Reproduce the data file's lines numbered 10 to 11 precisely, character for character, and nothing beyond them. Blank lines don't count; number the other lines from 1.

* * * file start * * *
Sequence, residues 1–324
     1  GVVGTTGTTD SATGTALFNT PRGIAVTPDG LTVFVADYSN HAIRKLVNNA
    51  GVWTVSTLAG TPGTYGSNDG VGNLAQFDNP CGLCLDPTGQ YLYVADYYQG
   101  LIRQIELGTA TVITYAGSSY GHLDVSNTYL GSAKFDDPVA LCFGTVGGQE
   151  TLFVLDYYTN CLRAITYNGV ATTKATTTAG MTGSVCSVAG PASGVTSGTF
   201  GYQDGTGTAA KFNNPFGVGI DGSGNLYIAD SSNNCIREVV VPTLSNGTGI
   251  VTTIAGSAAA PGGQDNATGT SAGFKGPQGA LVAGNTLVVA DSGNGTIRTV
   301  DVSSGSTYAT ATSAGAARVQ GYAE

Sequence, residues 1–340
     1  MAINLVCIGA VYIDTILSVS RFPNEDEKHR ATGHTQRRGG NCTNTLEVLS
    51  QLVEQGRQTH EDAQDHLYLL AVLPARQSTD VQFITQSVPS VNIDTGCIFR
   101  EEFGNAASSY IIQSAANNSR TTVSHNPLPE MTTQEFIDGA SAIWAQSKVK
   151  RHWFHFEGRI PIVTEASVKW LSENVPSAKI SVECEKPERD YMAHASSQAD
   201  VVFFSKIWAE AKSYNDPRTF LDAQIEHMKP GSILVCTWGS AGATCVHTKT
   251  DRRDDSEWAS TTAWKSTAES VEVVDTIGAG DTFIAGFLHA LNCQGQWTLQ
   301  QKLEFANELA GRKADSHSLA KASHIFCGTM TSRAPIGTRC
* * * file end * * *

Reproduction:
     1  MAINLVCIGA VYIDTILSVS RFPNEDEKHR ATGHTQRRGG NCTNTLEVLS
    51  QLVEQGRQTH EDAQDHLYLL AVLPARQSTD VQFITQSVPS VNIDTGCIFR